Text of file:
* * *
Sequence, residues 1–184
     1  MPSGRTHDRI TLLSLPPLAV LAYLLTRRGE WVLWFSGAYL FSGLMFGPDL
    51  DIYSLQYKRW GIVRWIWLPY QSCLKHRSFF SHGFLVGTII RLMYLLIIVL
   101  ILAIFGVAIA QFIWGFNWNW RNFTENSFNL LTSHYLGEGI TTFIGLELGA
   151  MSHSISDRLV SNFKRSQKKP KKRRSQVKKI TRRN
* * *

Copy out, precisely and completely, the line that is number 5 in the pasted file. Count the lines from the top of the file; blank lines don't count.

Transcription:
   151  MSHSISDRLV SNFKRSQKKP KKRRSQVKKI TRRN